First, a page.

End-of-season stars

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IMG_2522As much as I love spring ephemerals, July’s lilium, and other flash-in-the-pan, prettyboy plants, at this time  I take a good, hard look around and pay homage to those stalwarts that are still going strong in early fall. It’s also when I make decisions about which perennials no longer deserve the many, many chances I’ve given them. Both lists are somewhat short, because I also have a lot of cultivars that aren’t all that exciting, but do their jobs. I would never pull them out, but I wouldn’t go out of my way to celebrate them either. Here are some that richly deserve their garden space.

 Hydrangea paniculata ‘Limelight’
This gets quite spectacular by summer’s end and is a great cut flower which dries easily in the vase. (Normally, I would include my old-fashioned macrophyllas here as well, but their buds didn’t make it through the winter. I’ll have to go back to banking them with bags of leaves.)

David Austen shrub rose Darcey Bussell
This flowers freely from May through frost, is completely disease-free, and thrives with no care whatsoever. I keep it in an obscure location that happens to have full sun, and only get to it once in a while when I need flowers. Of course, it’s gigantic, far beyond the “compact form” promised, but that’s OK.

Hakonechloa ‘Aurole’
At least I think it’s the ‘Aureole.” I have this in several spots, but it looks best next to the pond, where it provides texture and color contrast with a big rodgersia and a dicentra. The big gold mound looks just as good in May as it does in November.

 Some annuals: tall ageratum, lobuleria, white tuberous begonias
I never understood why anyone bought ageratum until a seed-starting friend started giving me this tall, graceful variety. Lobuleria have a honey scent, become very full, and are impervious through a hard freeze. I get confused about begonias, but these white ones provide bright flowers in my front shade garden and don’t seem to mind drought. I also grow their dramatic dragon wing brethren in pots; these have huge double blooms.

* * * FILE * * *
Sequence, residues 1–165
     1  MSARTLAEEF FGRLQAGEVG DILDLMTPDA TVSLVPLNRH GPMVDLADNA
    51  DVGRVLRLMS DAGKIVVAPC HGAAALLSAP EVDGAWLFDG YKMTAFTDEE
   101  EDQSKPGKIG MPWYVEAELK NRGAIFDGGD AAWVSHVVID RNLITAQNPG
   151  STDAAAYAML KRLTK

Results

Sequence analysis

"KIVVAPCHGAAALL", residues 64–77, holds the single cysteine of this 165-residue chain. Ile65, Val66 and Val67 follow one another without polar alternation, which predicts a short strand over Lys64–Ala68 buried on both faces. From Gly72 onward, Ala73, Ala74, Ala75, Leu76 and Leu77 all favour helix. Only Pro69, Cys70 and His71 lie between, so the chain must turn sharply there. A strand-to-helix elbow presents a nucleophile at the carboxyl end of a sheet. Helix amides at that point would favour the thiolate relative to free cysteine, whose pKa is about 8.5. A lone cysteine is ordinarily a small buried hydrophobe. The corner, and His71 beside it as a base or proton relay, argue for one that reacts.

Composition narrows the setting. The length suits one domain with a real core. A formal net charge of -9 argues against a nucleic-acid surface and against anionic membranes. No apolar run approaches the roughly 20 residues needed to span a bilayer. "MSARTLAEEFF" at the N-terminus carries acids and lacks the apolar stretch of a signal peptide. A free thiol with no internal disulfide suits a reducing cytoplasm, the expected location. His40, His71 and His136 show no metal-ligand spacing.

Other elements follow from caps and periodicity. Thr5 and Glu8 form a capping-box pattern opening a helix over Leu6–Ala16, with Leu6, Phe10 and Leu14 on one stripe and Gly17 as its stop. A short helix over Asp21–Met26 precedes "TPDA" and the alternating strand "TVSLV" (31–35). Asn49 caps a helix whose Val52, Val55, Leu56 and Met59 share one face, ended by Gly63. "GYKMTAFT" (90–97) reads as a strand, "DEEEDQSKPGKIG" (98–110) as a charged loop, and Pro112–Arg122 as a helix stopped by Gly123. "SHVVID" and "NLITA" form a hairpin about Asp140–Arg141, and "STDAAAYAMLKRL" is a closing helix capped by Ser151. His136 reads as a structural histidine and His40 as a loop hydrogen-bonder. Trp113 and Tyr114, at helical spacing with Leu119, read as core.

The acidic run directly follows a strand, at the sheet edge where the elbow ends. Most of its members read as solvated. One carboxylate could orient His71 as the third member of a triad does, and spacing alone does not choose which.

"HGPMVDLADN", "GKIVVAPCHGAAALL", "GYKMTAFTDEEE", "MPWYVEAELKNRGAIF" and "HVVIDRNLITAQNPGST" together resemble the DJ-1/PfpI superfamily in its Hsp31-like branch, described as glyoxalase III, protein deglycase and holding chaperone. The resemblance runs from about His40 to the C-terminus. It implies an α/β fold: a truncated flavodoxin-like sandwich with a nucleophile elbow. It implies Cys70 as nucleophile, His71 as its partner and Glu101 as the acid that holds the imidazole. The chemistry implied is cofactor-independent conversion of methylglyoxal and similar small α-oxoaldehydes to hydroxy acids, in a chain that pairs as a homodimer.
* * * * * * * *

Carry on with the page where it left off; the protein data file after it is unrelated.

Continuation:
By November, I’ll be loving anything that’s still showing some kind of color, but by then it’s almost time for bulb forcing.

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Elizabeth Licata

Elizabeth Licata has been a regular writer for  Garden Rant since 2007, after contributing a guest rant about the overuse of American flags in front gardens. She lives and gardens in Buffalo, N.Y., which, far from the frozen wasteland many assume it to be, is a lush paradise of gardens, historic architecture, galleries, museums, theaters, and fun. As editor of Buffalo Spree magazine,  Licata helps keep Western New Yorkers apprised about what is happening in their region. She is also a freelance writer and art curator, who’s been published in Fine Gardening, Horticulture, ArtNews, Art in America, the Village Voice, and many other publications. She does regularly radio segments for the local NPR affiliate, WBFO.

Licata is involved with Garden Walk Buffalo, the largest free garden tour in the US and possibly the world,and has written the text for a book about Garden Walk. She has also written and edited several art-related books. Contact Elizabeth: ealicata at yahoo.com

2 COMMENTS

  1. I wish I understood why my one David Austin rose (‘Carding Mill’) gets worse black spot than any of my hybrid teas. I won’t buy another Austin, simply because of my experience with this one. It just looks pathetic. Yet I can’t bring myself to rip it out because in June it’s gorgeous. Guess I’ll go assess some other part of the garden…..

    • Don’t give up on them! You might have just gotten a bad one. And they’re so pretty I think it’s worth it to at least try one more time 🙂

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